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New York City's elementary-school libraries are in a "dismal state" because of inadequate funding and restrictive personnel regulations, a local public-policy advocacy group called Interface has charged in a new report.

The report notes that the district spends $4.69 per pupil--less than half the state average--for elementary libraries, and that collections of books and audio-visual materials are "abysmally outdated and disorganized."

In addition, it argues, local licensing procedures and a lack of qualified library-science graduates have hampered the district's ability to hire librarians. As a result, it found, 17 percent of the city's 627 elementary-school libraries are closed, and only 15 percent are operated by certified librarians.

The group urged the district to expand to all schools a program, known as "Library Power," aimed at upgrading 100 elementary-school libraries. That $7.5-million program is sponsored by the Board of Education and the DeWitt Wallace-Reader's Digest Fund.

A high-school senior in Polo, Mo., whose parents charged that she has been discriminated against because of her religious beliefs has been reinstated to the cheerleading team and will be shielded from religious harassment, as a result of a pretrial agreement in a suit filed in federal court.

The parents of Jamie L. Carroll filed suit in U.S. District Court in Kansas City against the Polo Board of Education, charging that school officials have refused to excuse their daughter from classes and activi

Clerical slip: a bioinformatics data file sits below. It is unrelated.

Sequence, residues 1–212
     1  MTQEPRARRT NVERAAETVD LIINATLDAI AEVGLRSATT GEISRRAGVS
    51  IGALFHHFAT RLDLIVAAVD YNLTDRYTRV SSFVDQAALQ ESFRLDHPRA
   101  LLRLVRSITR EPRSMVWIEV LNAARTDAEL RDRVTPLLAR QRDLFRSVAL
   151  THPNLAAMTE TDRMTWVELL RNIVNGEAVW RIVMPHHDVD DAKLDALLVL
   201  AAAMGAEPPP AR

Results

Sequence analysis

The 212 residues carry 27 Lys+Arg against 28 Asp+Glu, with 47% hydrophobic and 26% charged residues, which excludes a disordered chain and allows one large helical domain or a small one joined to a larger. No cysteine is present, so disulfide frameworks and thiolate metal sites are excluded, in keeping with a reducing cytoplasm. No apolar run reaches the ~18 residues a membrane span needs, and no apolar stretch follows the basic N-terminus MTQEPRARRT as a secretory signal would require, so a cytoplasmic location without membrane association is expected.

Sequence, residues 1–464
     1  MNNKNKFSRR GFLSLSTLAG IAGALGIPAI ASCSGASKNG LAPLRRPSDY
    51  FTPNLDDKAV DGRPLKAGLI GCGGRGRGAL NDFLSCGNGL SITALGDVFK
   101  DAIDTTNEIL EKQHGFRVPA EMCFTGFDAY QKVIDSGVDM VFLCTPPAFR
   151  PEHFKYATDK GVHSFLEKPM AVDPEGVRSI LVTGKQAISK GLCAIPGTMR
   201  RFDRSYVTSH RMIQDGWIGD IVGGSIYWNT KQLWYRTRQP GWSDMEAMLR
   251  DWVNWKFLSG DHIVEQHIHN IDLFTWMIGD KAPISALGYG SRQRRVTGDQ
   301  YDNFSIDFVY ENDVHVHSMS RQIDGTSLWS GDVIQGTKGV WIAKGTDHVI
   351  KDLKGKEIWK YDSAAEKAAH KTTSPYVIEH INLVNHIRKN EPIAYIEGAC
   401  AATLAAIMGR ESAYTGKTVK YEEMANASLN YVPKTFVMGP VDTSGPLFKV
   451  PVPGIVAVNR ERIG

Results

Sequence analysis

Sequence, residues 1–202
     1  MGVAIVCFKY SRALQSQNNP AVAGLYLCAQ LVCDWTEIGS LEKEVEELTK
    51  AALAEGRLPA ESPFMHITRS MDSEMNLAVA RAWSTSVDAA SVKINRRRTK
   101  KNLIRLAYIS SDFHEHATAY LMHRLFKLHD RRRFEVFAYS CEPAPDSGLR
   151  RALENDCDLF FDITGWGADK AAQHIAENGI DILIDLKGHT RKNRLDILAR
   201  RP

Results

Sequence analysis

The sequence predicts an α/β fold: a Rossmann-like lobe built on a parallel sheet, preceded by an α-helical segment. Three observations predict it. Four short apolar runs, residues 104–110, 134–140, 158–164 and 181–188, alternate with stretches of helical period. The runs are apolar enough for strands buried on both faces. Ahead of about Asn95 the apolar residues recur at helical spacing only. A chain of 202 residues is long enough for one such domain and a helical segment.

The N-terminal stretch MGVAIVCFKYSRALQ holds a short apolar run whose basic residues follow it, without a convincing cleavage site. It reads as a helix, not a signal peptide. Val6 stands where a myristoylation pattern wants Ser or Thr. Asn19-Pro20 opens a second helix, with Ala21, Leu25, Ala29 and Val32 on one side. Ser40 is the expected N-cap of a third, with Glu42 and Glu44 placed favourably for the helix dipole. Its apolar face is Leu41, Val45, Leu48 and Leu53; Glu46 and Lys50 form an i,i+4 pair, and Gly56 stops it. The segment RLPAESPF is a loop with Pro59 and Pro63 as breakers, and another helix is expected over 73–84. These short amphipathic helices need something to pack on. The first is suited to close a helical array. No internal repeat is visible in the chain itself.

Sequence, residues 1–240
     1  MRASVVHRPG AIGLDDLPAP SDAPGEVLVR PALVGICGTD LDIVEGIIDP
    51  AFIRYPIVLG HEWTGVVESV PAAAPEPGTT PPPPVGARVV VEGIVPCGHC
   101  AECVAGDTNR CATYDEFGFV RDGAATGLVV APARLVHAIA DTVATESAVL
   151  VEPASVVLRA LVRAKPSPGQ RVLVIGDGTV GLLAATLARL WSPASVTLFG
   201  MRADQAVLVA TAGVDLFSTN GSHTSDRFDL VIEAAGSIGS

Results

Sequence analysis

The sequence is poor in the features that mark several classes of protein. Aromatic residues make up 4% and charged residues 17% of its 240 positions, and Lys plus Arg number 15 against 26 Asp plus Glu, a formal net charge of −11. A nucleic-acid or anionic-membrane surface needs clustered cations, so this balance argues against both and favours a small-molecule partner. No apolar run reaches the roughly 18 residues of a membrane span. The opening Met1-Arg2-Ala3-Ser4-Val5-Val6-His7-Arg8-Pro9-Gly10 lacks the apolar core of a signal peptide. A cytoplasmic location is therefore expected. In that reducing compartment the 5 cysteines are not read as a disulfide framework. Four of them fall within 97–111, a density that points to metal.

ties so that she can attend religious observances, including the seven annual Sabbaths recognized by her faith. The family belongs to the Remnant Church of God.

Jamie has served as captain of the cheerleaders, but the squad's sponsor earlier this year announced that the only excused absences from cheerleading would be for illness or medical appointments.

The lawsuit claims officials knew Jamie would be the only member of the cheerleading squad affected by the new rule.

The agreement was worked out by the two parties and Judge Joseph E. Stevens Jr.

The American Civil Liberties Union has filed a federal lawsuit against the Kenton County, Ky., school district over a weekly religious-instruction class provided to public-school students.

The suit was filed Oct. 26 in U.S. District Court in Covington, Ky., on behalf of Benjamin Klein, a 4th-grader at Park Hills Elementary School. The suit charges that children such as Benjamin who choose not to attend the religious classes are not offered any alternative instruction.

The classes are taught at a nearby church as part of an effort in Covington to provide all public elementary-school students with a nearby religious-instruction class.

Benjamin's parents have unsuccessfully requested that the school board stop the religion classes. The suit seeks an injunction to stop the classes, plus damages of $140,000.

The state of Arkansas has requested that a suit filed by black parents seeking to consolidate their school district with two predominantly white ones be dismissed.

Parents of students in Camden filed suit in federal court last December, contending that state policies and local zoning regulations have contributed to segregation in the Camden schools, where about 70 percent of the students are black.

The plaintiffs seek consolidation with the neighboring Fairview and Harmony Grove districts, where about three-quarters of the students are white.